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Free research papers and essays on topics related to: apparel industry

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  • Apparel Industry - 1,132 words
    Apparel Industry INDUSTRY: APPAREL RETAILERS INTRODUCTION Retailers in the apparel industry are primarily engaged in the distribution, merchandising, and sale of men's, women's, and/or children's clothing to consumers. Apparel retailers include department stores, mass merchandisers, specialty stores, national chains, discount and off-price stores, outlets, and mail-order companies. A relatively new development is the rise of electronic forms of retailing such as interactive TV and on-line shopping services. Some retailers who sell their own private labels go beyond their traditional role as distributors and become directly involved in the design and production of garments from manufacturers ...
    Related: apparel, apparel industry, retail industry, free trade, european community
  • Apparel Industry - 1,207 words
    ... e trade events. There is also a trade magazine called the Apparel Industry Magazine, which can also be accessed on the Internet. The magazine presents updated information about technology, fashion, and business, on the apparel Industry, and their webpage also features a Virtual Apparel Trade show. The American Apparel Producer's Network (AAPN) also produces trade shows. LABOR UNIONS There are many labor unions associated with the apparel retail industry, such as the Fair Labor Association, the American Apparel Manufacturers Association, UNITE, an apparel's workers' union that represents apparel sewing employees with labor issues, the National Labor Relations Board (NLRB), the National La ...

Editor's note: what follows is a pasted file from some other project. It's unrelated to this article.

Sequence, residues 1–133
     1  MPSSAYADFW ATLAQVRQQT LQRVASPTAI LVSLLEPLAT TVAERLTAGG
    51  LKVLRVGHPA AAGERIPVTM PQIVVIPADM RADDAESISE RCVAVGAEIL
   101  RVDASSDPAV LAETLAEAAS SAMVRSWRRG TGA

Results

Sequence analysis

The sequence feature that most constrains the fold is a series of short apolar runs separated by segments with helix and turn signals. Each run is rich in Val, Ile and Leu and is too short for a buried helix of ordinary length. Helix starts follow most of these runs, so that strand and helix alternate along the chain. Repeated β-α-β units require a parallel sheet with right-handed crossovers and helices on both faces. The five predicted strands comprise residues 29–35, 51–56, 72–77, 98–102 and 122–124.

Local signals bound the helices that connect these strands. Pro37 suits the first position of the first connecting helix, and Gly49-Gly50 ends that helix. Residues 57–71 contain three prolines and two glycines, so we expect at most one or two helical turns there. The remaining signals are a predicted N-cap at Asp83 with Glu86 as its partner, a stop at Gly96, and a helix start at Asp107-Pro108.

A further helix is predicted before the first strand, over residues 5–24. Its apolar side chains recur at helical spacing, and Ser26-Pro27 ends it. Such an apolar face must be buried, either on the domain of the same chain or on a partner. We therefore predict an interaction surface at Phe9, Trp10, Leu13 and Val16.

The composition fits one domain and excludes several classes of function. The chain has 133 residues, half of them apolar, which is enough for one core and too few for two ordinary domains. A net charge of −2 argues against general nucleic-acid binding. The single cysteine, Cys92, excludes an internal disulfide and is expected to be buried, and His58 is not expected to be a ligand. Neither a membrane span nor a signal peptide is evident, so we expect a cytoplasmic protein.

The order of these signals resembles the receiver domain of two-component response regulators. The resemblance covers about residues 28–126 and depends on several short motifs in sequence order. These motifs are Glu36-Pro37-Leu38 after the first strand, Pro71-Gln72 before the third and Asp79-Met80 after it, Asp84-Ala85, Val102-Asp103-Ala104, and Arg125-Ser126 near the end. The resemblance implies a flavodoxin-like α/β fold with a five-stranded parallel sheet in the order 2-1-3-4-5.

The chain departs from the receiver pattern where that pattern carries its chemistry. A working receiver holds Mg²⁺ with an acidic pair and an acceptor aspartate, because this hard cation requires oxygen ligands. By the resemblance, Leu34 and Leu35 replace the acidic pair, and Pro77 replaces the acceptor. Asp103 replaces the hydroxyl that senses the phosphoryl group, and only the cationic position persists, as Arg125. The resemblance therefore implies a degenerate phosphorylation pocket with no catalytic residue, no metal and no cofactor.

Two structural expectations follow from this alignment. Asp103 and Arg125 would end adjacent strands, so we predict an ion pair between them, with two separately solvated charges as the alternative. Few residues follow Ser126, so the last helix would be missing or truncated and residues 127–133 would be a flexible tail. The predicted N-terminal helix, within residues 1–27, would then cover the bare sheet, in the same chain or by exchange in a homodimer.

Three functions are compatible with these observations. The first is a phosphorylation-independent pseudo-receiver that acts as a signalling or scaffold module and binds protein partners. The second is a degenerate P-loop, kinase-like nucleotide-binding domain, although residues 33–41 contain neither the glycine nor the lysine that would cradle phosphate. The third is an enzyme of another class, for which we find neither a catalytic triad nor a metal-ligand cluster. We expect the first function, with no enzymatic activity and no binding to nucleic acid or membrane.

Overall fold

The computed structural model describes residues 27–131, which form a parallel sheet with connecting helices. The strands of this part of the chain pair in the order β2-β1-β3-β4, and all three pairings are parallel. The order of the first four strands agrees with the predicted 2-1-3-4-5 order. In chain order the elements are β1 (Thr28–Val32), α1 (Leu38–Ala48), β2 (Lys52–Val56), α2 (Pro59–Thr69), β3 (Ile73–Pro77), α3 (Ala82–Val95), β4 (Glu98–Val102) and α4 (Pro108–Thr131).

Related: apparel, apparel industry, fashion industry, retail industry, global expansion
  • Economic Openness - 1,473 words
    Economic Openness Does greater economic openness between nations lead towards economic growth and convergence? Greater economic openness between nations does lead towards economic growth and convergence. All of the first world countries demonstrate greater economic openness then third world countries demonstrate. Although economic openness may be a solution to gain economic growth and convergence, free trade may not be the answer. There are two different views on free trade; the conservative view and the liberal view. In an economic age in which speedy transactions of imports and exports are essential, free trade is a necessity for aiding worldwide economic development. Even today, the Unite ...
    Related: economic development, economic growth, economic performance, economic stability, global economic, openness
  • Imc Abercrombie And Fitch - 1,121 words
    Imc Abercrombie And Fitch Integrated Marketing Communication and Web Analysis of Abercrombie & Fitch February 27, 2000 COMPANY BACKGROUND Abercrombie & Fitch Co. (Abercrombie) is a specialty retailer of casual clothing and accessories for men, women, and children. With 250 stores in the United States, the company sold $1.04 billion in merchandise in 1999, with net income of $149.6 million. The online and catalog business of the company contributed 2.6% to sales in 1999 and 1.8% in 1998. From its foundations as an outdoor apparel supplier, Abercrombie has been transformed into a source for upscale casual clothing for a youthful and fashion-conscious market. Abercrombie maintains this brand im ...
    Related: abercrombie, abercrombie fitch, fitch, internet technology, positioning strategy
  • International Marketplace - 1,506 words